Yesterday (May 19, 2010), I attended a meeting that discussed Albuquerques long-term plan for bikeways, trailways and other non-automotive infrastructure improvements (ABQ Bike Map [PDF]).
The Albuquerque Bikeways and Trails Master Plan Update is a series of meeting that will be occurring throughout the next year. They will be a series of discussions about the future of Albuquerque’s bike and trail network.
The meeting yesterday took place at a library (Erna Ferguson Library for all you Burqueños). The format of the meeting was really good. Instead of some city officials just telling the citizens what they were going to do with our tax dollars, there were a series of interactive workshops. These workshops were staffed by the members of the consulting group hired by City of Albuquerque, Gannett Fleming West Inc. This consulting firm has teamed up with another firm, Alta Planning and Design. The people associated with this group, based in Portland OR, seemed to really understand how to create a comprehensive bike and trail network.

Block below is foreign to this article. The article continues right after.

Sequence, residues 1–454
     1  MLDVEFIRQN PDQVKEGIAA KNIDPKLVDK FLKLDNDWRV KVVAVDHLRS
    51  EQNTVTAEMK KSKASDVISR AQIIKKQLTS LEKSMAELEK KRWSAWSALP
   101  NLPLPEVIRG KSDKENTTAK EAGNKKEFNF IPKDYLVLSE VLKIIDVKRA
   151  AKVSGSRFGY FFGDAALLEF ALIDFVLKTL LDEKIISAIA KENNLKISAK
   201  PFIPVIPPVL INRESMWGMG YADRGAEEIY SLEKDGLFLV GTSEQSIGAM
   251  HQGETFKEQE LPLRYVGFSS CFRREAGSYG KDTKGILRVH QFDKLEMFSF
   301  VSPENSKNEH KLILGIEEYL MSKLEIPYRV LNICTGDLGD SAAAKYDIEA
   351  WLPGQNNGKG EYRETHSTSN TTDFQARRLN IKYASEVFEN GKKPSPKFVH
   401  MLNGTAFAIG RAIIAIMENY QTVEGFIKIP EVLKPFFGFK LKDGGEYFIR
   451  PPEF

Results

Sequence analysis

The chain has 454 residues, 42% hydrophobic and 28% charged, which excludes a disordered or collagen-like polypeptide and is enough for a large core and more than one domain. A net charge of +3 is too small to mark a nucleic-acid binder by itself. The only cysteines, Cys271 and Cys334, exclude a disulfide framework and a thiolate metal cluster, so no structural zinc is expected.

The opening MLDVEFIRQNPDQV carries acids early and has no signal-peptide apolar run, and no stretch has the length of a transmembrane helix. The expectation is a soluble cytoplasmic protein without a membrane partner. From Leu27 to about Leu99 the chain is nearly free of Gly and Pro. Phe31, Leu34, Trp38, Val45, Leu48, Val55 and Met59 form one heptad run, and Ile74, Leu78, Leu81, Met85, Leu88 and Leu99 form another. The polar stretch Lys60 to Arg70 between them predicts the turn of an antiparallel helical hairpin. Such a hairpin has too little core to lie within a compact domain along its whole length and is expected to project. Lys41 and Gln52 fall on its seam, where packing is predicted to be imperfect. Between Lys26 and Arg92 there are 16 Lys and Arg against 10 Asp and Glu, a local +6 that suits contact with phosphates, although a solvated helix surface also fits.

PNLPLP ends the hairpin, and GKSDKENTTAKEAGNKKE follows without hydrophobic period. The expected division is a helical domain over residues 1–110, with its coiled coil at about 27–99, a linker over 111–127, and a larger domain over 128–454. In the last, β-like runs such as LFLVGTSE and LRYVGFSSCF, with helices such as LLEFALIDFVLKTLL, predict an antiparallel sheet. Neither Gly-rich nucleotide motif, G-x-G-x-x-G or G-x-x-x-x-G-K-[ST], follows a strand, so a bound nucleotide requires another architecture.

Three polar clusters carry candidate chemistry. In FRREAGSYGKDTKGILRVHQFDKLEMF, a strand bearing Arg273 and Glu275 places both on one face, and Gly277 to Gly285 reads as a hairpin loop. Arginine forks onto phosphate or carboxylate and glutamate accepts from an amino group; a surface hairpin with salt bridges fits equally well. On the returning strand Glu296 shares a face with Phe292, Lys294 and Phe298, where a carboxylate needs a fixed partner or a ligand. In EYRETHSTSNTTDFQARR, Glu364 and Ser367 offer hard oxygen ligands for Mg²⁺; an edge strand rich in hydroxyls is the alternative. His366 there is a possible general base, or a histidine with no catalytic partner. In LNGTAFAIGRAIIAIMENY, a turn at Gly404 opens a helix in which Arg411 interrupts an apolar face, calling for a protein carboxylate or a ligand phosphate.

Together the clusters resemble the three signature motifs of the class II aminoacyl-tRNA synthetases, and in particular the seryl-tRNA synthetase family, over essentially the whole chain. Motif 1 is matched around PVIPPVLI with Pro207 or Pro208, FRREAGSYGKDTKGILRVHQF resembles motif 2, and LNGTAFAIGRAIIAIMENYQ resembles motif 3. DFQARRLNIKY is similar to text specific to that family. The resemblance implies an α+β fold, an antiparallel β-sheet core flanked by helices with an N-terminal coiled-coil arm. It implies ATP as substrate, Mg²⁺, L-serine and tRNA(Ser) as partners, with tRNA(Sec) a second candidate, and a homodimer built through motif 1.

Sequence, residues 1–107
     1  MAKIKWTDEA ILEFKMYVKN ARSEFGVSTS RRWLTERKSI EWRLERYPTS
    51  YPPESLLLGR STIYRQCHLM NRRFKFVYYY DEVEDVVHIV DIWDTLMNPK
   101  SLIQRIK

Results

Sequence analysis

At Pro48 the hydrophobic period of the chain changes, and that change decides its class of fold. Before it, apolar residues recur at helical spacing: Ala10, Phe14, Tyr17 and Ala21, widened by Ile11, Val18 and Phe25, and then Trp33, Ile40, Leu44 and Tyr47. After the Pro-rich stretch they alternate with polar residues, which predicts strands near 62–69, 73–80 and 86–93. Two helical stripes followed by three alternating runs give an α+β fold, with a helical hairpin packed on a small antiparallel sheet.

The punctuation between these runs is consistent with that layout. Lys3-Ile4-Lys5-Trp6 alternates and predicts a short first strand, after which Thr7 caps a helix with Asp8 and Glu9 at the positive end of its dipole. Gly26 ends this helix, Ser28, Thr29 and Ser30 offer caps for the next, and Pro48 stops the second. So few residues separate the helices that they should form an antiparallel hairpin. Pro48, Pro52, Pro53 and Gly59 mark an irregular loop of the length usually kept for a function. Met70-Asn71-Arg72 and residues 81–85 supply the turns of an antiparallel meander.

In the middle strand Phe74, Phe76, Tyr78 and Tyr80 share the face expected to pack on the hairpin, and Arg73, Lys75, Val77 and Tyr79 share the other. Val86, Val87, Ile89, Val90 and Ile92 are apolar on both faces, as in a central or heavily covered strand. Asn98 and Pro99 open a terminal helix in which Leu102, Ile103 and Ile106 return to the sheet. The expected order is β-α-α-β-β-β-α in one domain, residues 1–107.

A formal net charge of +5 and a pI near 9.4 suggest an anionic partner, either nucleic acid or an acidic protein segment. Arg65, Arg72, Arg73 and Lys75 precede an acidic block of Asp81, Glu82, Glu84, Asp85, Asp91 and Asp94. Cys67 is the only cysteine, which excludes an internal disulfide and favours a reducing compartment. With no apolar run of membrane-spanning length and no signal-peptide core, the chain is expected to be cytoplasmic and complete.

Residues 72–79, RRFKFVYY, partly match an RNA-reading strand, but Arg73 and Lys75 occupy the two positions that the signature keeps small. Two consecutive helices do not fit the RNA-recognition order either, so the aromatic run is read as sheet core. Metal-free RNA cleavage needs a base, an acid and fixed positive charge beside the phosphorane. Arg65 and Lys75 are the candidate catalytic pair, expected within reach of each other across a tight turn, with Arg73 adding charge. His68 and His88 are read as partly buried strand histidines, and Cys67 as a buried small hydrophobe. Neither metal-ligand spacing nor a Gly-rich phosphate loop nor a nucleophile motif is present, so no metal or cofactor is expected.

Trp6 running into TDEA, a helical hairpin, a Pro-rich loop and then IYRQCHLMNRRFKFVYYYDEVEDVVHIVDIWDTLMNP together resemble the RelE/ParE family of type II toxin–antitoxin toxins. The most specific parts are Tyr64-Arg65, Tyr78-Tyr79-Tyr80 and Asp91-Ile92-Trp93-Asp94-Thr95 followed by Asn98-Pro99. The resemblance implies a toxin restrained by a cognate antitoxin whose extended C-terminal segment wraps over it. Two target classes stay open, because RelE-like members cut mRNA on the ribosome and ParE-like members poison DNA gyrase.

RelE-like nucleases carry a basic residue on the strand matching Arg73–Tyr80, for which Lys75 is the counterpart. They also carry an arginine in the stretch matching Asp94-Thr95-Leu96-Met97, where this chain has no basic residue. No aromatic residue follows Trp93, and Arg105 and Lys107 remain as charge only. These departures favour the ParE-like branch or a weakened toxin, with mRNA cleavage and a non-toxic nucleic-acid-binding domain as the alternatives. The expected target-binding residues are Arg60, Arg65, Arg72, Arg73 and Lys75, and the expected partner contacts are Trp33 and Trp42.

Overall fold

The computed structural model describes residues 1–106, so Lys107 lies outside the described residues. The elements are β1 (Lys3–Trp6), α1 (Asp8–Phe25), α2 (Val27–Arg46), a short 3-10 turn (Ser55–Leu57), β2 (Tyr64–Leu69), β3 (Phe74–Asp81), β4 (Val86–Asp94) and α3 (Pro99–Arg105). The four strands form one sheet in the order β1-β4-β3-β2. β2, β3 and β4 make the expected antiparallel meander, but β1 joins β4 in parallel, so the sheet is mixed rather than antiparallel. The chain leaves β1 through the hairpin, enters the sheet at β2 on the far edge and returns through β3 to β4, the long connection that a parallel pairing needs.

I remember one of the consultants from Alta discussing Albuquerque’s potential to be a world class bike city. He listed these reasons:
1. Mild year-round weather
2. Lots of sunshine
3. A consistent grid-based street system (at least in the Northeast Heights)
4. Relatively flat terrain
5. The current existence of some great bike network elements
I have to say, the plan they have is pretty good and comprehensive. If they could fast-track many of these projects, I could see the mode share of bikes increasing by a large amount.
However, this will only occur if there are incentives not to drive instituted as well. Currently, Albuquerque, like the vast majority of American cities, is filled with developments surrounded by large free parking lots. As the great Donald Shoup once said, “There is no such thing as free parking.” We all pay the costs of an automobile oriented built society. These costs include high bike and pedestrian fatality rates and long distances between places.
Having great bike infrastructure is essential, but in some ways, good planning and land use should be far more crucial long term goals.